Sunday, May 18, 2014

*** My Writing Process ***

I'm really grateful that two of my favorite twitter friends and writers, Robbie Cox and Vanessa Wester tagged me for a blog tour. It's awesome that people I've never met face to face would consider including me in their circle of writing compadres.




I've been lucky enough to contribute to a couple of Vanessa's Short Story Group books. Please check out the link to that site, the proceeds are donated to several charities. Vanessa is a valued critic and supporter of my work, always telling it like it is, which is something you need as a writer. Vanessa is one of many UK twitter/writer friends I've made in the last few years. I enjoy reading her books and talking about striving to become a better indie writer.



Robbie  and I would be fishing pals if we lived close to each other, which unfortunately we don't. Robbie is living the easy life in Florida and I'm still cranking out code in North Texas. We share an appreciation for writing out on the patio and enjoying a fine scotch.

A quick 'Who am I'. We'll skip my usual silly tangents into wackiness and give you the short basics. I was born in the small town of Levelland, smack in the middle of the 'Dust Bowl' area of North Texas for you history buffs. I grew up watching Roy Rogers, Hopalong Cassidy, The Howdy Doody Show and reading Heinlein, Asimov and other 'hard' SciFi authors.



Your can scan the links to the right to find my books, blogging friends and other cool stuff. And, yes, I really am a card carrying member of the Elvira, Mistress of the Dark, fan club. ;-)

I joined the US Navy at 17, volunteering for the Nuclear Submarine force. I served on board the USS Bluefish as a Machinist Mate and Engineering Lab Tech.




I write software for the US health care industry during the day and I try to hone my skills as a newbie writer at night and on weekends. So, let's get to it!

What am I working on now? I'm trying to stay focused on book 3 of my 'Arlo and Jake' humorous SciFi series. I want to release it this month or next. This book focuses on Arlo, a panther chameleon, the partner of Jake Jasper. My unlikely heroes were conscripted into a space Navy to help save Earth and the Galaxies from being aquaformed by... well you can read more about that in my blog posts and links to the books.

I'm also working on several other stories, the most interesting is 'Etchings'. This a ghost (I just can't get used to saying 'paranormal', even though that's the latest buzz word for ghost ;-) story about a history professor and his artist wife who stumble upon a forgotten graveyard. It's creepy and cool, two of my favorite things to write about.

I'm always adding to my 'to write' list, sketching outlines and story plots. 'Etchings' came from something my wife did as an art student in Boulder, Colorado. They would go to cemeteries and take 'etchings' of the stones. You place a thin sheet of paper over the headstone writing and rub a charcoal stick across the paper. The result is an etching of the stone. It's really very interesting.

How does my work differ from others in my genre? Tough question. 'Arlo and Jake' is a space adventure series with a funny streak but not slapstick. I try very hard to make them SciFi adventure foremost but quirky and funny too. And I think my stories introduce more new concepts than most other SciFi series. It's still cowboys in space, but there are tons of cool creatures, toys and concepts to keep the adventure fun.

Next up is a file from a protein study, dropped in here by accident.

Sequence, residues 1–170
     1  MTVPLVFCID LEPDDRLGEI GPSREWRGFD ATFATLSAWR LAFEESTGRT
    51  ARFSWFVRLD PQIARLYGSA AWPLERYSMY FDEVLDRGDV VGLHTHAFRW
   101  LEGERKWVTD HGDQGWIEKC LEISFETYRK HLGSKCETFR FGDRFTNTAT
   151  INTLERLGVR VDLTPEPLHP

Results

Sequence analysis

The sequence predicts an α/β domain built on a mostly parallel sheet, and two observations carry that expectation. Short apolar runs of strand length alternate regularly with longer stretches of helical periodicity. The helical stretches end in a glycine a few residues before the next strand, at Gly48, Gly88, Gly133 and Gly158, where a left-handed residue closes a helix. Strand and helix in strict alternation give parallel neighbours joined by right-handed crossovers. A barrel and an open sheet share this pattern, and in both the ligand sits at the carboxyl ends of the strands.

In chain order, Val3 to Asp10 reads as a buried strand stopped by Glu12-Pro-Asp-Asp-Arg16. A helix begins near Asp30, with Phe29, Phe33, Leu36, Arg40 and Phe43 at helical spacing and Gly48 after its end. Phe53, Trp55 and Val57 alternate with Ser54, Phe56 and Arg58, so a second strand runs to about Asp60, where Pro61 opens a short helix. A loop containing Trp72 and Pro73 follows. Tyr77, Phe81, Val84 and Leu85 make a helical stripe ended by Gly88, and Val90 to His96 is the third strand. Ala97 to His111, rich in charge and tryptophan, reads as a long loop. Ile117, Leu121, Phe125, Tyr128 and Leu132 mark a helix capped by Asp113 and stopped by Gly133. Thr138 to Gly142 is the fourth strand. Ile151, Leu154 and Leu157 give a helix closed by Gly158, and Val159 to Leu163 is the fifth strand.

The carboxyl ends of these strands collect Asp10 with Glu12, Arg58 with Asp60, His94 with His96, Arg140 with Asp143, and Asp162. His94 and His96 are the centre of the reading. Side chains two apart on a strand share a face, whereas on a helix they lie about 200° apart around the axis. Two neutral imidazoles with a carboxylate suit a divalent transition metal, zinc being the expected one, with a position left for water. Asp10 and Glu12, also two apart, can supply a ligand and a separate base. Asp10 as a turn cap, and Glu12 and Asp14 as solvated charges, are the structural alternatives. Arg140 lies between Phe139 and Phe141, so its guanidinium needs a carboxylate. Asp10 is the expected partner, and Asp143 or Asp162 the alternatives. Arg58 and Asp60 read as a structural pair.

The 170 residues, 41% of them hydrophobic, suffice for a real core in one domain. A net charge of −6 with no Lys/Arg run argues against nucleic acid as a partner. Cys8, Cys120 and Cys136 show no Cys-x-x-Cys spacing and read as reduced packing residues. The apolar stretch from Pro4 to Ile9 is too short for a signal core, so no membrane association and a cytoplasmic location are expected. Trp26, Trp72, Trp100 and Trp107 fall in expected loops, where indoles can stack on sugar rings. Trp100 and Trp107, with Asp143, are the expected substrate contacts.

Why do I write what I do? Because I like it. Simple. I honestly laugh out loud sometimes when I write a good passage or add a punny reference. I get nervous when I'm trying to set the tension in a scene. I'm relieved when the hero triumphs (or not, depending on the book), and I boo the bad guys when they win (yup, that happens too!)

I write what fascinates me, what makes me laugh, what makes me angry, what I cannot understand. And sometime by writing it, I get a little closer to understanding what makes me, me.

How does your writing process work? Chaotically and rigidly.

Most of the time I work off a story outline. I create a separate text file that holds a summary of the plot at the top. Then I write a bunch of chapter outlines, some pretty filled out, some with, 'crap happens here'. I modify these as I flesh out the story.

It also has my lists of  'cool things that could happen', all the characters and their specifications, places that are important, other stuff that I would forget if I didn't write it down. I have a terrible memory.

I find pictures online that are similar to my imagined view of my characters and rename them. Likewise with cool art that I can use to spark up a scene. The folder on my computer that has the Arlo and Jake books has dozens of pictures, most are naval battles, men and women in various naval uniforms and art that I used to conjure up new space ship designs.

I use the outline file as a reference as I write the story in Word. I sometimes spend hours on the outline, trying out new ideas, new plot 'arcs', throwing things away to try new things. Other times I go right into the Word document and just start pounding the keys.

The flip side is that I sometimes just write. No outline, no pictures, no clue what's going to happen. 'Etchings' is more like that. I have no idea why this story is different for me. It just seems right to let it flow rather than think it through.

Weird.

Then I rewrite, rewrite, rewrite. I also read the story out loud often. It helps me find the flaws, typo's and weak sections of my stories. It's amazing how hearing the story is different than reading it.

That's it. I hope you enjoyed this little journey into the mind of a newbie writer.

Once again my thanks to Vanessa Wester and Robbie Cox for their support and friendship. I have a couple of writers I'm polling to continue the blog tour and I'll add them here when I hear from them.

Arlo says, "Bye, y'all!"